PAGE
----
The Parsley Hawthorn – Crataegus marshallii

Hawthorns are a diverse group of native small trees/large shrubs with bright, white flowers in spring and red berries in the fall.  They are a confusing group (Genus Crataegus) to classify, and accurate species  identification is often left to specialists.  According to The Sibley Guide to Trees, botanists of 100 years past listed 1,100 species of Hawthorns in North America.  In recent times, cooler heads have prevailed, and current thinking is somewhere in the neighborhood of 100 species.

Fortunately there are a few species of Hawthorns that are relatively  easy to identify.  One of these is the Parsley Hawthorn (Crataegus marshallii), named for its deeply cut leaves that resemble the leaves of parsley.  The leaves are unique for a Hawthorn, and serve to separate it from its close relatives.

Crataegus marshallii           Leaves

Crataegus marshallii
Leaves

Crataegus marshallii Deeply Cut Leaves

Crataegus marshallii
Deeply Cut Leaves

Compare the leaves of the Parsley Hawthorn to several other Crataegus sp. Hawthorns found in the Falls Lake area and illustrated below.

Crataegus sp. Hawthorn

Crataegus sp. Hawthorn

A Crataegus sp. Hawthorn

A Crataegus sp. Hawthorn

The Parsley Hawthorn is a tree of the Southeastern United States, and is primarily a Piedmont species in North Carolina, avoiding the Mountains and the Coastal Plain.  It is a member of the Rose family (Rosaceae) and has plenty of thorns on its trunk and twigs.

Crataegus marshallii        Trunk

Crataegus marshallii
Trunk

Crataegus marshallii       Twig Thorns

Crataegus marshallii
Twig Thorns

Buds are formed in late March to early April, and take several weeks to develop and bloom.   As the blooms open, the striking pink-raspberry anthems stand out against the white petals.

Crataegus marshallii Flower Buds

Crataegus marshallii
Flower Buds

Crataegus marshallii Flower Buds

Crataegus marshallii
Flower Buds

Crataegus marshallii Flower opening

Crataegus marshallii
Flower opening

Crataegus marshallii Buds Opening  Into Bloom

Crataegus marshallii
Buds Opening
Into Bloom

The five-petaled white flowers bloom in corymbs, and usually have 2 styles and 15 to 20 stamens.  As the anthers age, they change from the pink- raspberry color to black.  Below is a corymb of flowers blooming with the typical parsley-like leaves in the background.  The blooms are very small – less than an inch across.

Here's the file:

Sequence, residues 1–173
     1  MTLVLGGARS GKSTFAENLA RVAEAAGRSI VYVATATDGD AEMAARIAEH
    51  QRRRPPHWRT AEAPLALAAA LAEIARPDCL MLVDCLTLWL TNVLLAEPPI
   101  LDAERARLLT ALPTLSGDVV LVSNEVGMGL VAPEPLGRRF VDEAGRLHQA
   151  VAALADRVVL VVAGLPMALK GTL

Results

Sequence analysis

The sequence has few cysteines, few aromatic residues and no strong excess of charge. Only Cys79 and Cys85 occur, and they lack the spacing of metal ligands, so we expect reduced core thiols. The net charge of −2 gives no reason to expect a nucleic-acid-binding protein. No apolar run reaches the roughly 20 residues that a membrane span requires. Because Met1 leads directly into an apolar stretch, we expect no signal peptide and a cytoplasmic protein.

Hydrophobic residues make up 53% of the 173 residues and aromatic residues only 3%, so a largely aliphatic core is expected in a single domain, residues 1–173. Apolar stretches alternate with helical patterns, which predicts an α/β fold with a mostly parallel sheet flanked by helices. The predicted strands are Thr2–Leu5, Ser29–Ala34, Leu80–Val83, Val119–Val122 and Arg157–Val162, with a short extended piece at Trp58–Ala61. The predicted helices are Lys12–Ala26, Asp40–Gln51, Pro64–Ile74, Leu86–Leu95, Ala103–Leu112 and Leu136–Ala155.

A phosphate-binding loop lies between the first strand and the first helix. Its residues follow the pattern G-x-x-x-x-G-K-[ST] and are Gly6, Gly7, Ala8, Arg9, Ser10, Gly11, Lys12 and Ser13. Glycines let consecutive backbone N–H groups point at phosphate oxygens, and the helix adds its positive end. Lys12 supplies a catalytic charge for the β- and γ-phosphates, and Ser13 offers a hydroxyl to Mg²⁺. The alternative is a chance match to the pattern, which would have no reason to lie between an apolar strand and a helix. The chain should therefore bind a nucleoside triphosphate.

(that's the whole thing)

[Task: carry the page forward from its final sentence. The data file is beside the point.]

Crataegus marshallii  Flowers in Corymbs

Crataegus marshallii
Flowers in Corymbs

In the close photo below, the 2 green styles can be seen at the center, surrounded by the stamens.

Crataegus marshallii      Close View of Bloom

Crataegus marshallii
Close View of Bloom

Below is the flower in profile with the two green styles visible among the stamens.

Crataegus marshallii Close Profile of Flower

Crataegus marshallii
Close Profile of Flower

The Parsley Hawthorn seen blooming below is about 15 feet tall and lies in the outer flood plain of the Neuse River, along the Neuse River Trail.  A red arrow points to the trunk of the tree.  The foliage has grown reaching for more sun, which gives the tree an off-balance appearance.    Most of the photographs above were taken from this tree.

Crataegus marshallii Parsley Hawthorn

Crataegus marshallii
Parsley Hawthorn

Herb Amyx

 

 

 

 

 

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5 Responses to The Parsley Hawthorn – Crataegus marshallii

  1. Helen Holt says:

    Such beautiful photos of a shrub flower I can’t say I’ve seen or, at least, noticed. Thanks, Herb, for another timely botany lesson. This spring, I have seen pinxter flower shrubs blooming, as well as some kind of virbunum that I saw today on MST in Durham County. Still, I’ve not seen these hawthorns that you describe so well!

  2. John Pelosi says:

    Herb, how very interesting. I have not seen the parsley hawthorn. where is it located? Thanks for your education and wonderful photography!

    • In the North Raleigh subdivision of Bedford, there is a paved green way trail that connects a paved parking area to the Neuse River Trail. This parking area is located at the end of Bedfordtown Dr, near the intersection of Bedfordtown Dr. with Grandview Heights Lane. The tree pictured in the last photograph is about 75 ft from the parking lot, on the left, very close to the trail. This area is only about 2 miles from the Falls Lake Dam.

  3. Hebe Splane says:

    Dear Herb, Our Garden Club of America club is nominating Crataegus marshallii for the Freeman Horticulture Medal. The nomination form requires 5 images with photography releases that grant the GCA the right to reproduce the photographs on their website and publications, limited to the publicity regarding the national medal and its presentation. Would you be willing to share any of your images for the nomination? I don’t any other way to contact you.

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